This commentary responds to Burkholder’s commentary, Trump’s Educational Reforms Threaten to Destroy American Public Schools–Is That Such a Terrible Thing?, by arguing that there need be an emphasis on developing “reasonable” citizens from the very start of schooling. It also highlights several scholarly pieces depicting the conditions under which young children have organically participated in pluralistic, critical, and political dialogue.

by Jacob Elmore — 2017
This commentary analyzes practices in PLCs that can inhibit or enhance teachers’ learning about students and their data-driven decision-making.

by Lacey Peters, Stephanie Reinke & Daniel Castner — 2017
This commentary reflects on a dialogue among members of the Critical Perspectives on Early Childhood Special Interest Group (AERA). It examines the influence of quality improvement in early childhood as it relates to the impact of globalizing and neoliberal forces driving education reform.

by Pedro Noguera & Alexandra Freidus — 2017
Letter to the editor in response to Jonathan Zimmerman's commentary, "Education Yes, Propaganda No."

by Francisco Ramos — 2017
This commentary weaves together autobiography and education research to explore the challenges of getting into higher education.

by Nadine Dolby — 2017
This commentary examines the problem of educational inequality. It argues that we need to make changes beyond simply our schools if we want to have long-lasting and impactful educational reform.

by Zoe Burkholder — 2017
This commentary examines the implications of President Trump's proposal to increase school choice on American public education. It argues that the more we erode public education, the more we reduce access to local, equitable, and accountable schools that educate all of our common community members.

by Jonathan Zimmerman — 2017
This commentary considers the case of Jill Bloomberg, a principal who was questioned about her political affiliations. It argues that teachers have the right to speak their minds, but they also have to let students make up their minds.

by Kim Keamy — 2017
Making time to listen is fundamental to the work of an academic leader when colleagues are being required to make significant changes to the way they teach.

by Linda Fairchild & Brad Wedlock — 2017
The authors critically examine the constructs of morality and value in regards to education.

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  • Suggest a Topic: We welcome your suggestions on the following: what issues would you like us to address; who would you like to see addressing them; what direction would you like us to go in?
  • Volunteer to Write a Commentary: If you are interested in writing a commentary for TCRecord, please fill out this short form.
  • Submit a Commentary: Do you have a commentary that connects contemporary issues to the world of educational scholarship in some way? Please submit your work using this link.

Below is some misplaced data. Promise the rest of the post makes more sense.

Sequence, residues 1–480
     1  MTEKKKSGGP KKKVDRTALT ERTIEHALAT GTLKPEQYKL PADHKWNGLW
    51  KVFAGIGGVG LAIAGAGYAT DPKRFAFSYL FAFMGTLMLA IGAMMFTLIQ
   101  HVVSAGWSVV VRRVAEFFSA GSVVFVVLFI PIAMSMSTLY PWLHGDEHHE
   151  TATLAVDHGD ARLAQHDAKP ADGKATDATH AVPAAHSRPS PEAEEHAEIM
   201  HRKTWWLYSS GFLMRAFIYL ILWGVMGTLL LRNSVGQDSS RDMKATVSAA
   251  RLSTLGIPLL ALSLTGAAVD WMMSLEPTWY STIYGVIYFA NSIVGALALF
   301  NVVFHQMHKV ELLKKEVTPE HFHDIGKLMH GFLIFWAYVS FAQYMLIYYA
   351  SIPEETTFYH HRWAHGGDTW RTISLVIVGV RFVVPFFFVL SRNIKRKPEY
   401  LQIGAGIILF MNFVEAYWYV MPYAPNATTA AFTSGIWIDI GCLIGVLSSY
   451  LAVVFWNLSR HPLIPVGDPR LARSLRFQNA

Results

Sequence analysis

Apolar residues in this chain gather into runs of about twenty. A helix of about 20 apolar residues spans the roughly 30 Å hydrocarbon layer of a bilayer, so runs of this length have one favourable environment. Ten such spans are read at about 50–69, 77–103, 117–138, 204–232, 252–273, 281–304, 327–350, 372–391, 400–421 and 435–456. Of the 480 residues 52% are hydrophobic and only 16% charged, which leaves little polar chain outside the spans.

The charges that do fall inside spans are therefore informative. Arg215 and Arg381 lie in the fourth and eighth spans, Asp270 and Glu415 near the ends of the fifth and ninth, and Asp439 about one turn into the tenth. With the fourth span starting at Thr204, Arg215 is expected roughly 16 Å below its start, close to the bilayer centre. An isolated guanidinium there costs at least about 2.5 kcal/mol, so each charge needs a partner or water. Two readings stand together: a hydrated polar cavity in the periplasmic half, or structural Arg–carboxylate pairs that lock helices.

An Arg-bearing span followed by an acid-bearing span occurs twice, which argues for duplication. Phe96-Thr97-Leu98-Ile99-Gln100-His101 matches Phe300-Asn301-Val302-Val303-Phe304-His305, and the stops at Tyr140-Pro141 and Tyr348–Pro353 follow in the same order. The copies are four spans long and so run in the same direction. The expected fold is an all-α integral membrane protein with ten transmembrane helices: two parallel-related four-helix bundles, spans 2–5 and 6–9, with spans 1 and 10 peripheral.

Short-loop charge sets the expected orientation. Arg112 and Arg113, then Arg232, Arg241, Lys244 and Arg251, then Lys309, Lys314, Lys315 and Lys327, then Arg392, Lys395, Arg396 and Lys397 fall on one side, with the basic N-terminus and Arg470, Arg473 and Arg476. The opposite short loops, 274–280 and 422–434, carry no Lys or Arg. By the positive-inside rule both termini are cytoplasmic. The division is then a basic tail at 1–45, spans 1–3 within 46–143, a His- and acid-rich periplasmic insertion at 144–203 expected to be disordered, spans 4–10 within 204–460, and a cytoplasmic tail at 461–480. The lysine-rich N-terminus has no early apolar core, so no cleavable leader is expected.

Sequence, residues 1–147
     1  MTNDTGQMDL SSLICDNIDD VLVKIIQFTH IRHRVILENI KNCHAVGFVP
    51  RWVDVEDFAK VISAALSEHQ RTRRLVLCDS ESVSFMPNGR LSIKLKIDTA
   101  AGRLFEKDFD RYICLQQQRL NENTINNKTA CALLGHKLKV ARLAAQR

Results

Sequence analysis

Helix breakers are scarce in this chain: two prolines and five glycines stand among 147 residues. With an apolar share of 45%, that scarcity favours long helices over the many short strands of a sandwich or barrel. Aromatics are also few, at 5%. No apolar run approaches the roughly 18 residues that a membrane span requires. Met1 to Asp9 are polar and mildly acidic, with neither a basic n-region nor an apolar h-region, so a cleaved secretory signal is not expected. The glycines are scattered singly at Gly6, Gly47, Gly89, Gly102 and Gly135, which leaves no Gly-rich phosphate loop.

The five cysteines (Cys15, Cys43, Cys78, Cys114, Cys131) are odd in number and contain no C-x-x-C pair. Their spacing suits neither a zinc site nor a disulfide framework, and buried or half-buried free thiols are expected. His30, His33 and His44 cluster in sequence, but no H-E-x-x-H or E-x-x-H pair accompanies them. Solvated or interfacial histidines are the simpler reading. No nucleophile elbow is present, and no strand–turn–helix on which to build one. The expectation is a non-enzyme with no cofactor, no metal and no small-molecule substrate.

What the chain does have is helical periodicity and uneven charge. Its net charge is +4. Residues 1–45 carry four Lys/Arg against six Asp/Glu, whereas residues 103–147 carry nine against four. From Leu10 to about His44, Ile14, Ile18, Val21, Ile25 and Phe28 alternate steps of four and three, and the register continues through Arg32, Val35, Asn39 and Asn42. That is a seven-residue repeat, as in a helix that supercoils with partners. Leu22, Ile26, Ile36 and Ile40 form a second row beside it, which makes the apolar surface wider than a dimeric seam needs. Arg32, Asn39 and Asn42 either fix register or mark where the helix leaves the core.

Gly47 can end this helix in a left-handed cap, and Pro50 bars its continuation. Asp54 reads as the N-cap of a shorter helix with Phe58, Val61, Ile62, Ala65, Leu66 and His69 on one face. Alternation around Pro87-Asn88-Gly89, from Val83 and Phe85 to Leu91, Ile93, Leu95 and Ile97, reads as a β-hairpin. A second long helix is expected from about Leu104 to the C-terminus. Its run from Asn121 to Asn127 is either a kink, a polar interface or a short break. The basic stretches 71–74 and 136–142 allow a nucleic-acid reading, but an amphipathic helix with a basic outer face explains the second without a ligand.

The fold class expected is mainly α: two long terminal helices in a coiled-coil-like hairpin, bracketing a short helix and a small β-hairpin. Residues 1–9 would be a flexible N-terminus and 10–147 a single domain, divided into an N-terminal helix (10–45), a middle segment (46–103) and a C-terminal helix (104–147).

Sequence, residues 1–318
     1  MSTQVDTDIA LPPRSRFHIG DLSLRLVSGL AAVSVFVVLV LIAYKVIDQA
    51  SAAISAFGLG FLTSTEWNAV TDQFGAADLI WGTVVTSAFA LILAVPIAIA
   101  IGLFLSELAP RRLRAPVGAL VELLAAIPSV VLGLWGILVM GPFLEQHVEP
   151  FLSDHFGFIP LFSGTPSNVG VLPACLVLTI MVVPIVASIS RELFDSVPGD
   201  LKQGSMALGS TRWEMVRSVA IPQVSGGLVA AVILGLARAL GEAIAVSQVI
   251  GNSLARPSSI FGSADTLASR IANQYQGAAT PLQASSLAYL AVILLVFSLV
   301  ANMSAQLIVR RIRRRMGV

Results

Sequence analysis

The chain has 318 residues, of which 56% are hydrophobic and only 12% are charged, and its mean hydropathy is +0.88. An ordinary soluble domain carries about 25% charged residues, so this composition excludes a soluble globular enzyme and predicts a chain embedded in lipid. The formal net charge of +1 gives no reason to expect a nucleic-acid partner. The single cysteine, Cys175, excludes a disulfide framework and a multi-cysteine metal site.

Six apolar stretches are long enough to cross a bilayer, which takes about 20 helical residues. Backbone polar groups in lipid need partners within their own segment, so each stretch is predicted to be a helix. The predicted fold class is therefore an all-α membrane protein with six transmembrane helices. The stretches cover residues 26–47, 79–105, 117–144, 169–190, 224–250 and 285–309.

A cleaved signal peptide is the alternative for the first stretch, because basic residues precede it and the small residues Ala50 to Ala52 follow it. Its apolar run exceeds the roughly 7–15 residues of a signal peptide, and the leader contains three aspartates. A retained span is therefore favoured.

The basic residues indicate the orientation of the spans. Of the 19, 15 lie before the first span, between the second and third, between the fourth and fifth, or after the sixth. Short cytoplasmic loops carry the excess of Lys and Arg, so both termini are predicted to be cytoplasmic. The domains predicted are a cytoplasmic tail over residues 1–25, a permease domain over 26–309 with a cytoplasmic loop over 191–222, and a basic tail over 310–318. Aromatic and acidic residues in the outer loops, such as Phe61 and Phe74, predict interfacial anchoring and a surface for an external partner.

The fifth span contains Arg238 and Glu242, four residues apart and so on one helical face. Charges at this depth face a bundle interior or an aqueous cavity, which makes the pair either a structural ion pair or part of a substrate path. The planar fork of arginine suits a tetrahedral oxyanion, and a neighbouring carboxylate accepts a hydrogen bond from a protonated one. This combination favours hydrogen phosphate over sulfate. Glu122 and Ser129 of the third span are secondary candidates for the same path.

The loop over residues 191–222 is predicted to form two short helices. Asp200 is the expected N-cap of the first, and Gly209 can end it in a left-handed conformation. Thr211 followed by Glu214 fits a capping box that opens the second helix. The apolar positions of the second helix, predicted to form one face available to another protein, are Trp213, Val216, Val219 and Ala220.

Upcoming Topics

Teachers’ commentaries provide an important perspective on current educational issues. If you are a K-12 educator, we welcome you to submit a 1,000-1,500 word commentary in which you draw on your experience to address problems and opportunities confronting students and educators.



Recently-Suggested Topics
  • PLEASE DISREGARD MY LAST COMMENTARY SUGGESTION and read this instead: I would be interested in a commentary on how gender bias negatively affects relationships between young boys and women educators. This past fall I tried unsuccessfully to address this issue in a never-published letter to the editor submitted to the magazine, Teaching Tolerance, in which I called attention to the lack of critical perspective in a Teaching Tolerance article by a woman educator who described an eight-year-old male student whom she admired as a "knight in shining armor." In my view, smart, competent, mature women educators need to avoid sentimentalizing their connections with boys by projecting onto them the “rescuing hero” image, even in fantasy. It must be completely clear to boys that the women in their lives are grown-ups who can be trusted to use their much greater power responsibly, and to avoid the error of casting themselves as helpless princesses-to-be-rescued in their relationships with males. Women educators of boys who fail critically to distance themselves from gender stereotyping are subjecting the much-less-powerful boys in their charge to the developmentally inappropriate and emotionally harmful expectation that they should fulfill an inhuman ideal – the ideal of the “knight” or invulnerable hero who always can rise above human physical and emotional vulnerability, and always already has the knowledge and skill needed to fix any problem (to "come to the rescue"). Boys need to be accepted, and related to by adults, as being who they actually are - physically and emotionally vulnerable, only partially knowledgeable and competent, growing human beings who are nothing like knights in shining armor. This is important both for the boys’ sake and for the good of people with whom they interact throughout their lives. (How many of the dominating, oppressive men in our world today are still, on the inside, little boys trying to live up to a female caretaker’s sentimental expectation that they should be invulnerable and all-powerful?) I would be interested in authoring this commentary for TCR, perhaps using my rejected letter to Teaching Tolerance as a jumping-off point and making connections with relevant findings from psychological research on how gender bias harms boys. Without repeating anything I have published elsewhere, I would draw upon my past experience examining – from other angles – the issue of how gender bias affects boys in the following publications: G. Bynum (2011), “The Critical Humanisms of Dorothy Dinnerstein and Immanuel Kant Employed for Responding to Gender Bias: A Study, and an Exercise, in Radical Critique,” Studies in Philosophy and Education, Vol. 30, No. 4, 385-402; and G. Bynum (2007), Dissertation: Human Rights Education and Kant’s Critical Humanism, Graduate School of Arts and Sciences, Columbia University. Thank you very much for considering this idea. Sincerely, Dr. Gregory Bynum Assistant Professor, Department of Educational Studies, SUNY New Paltz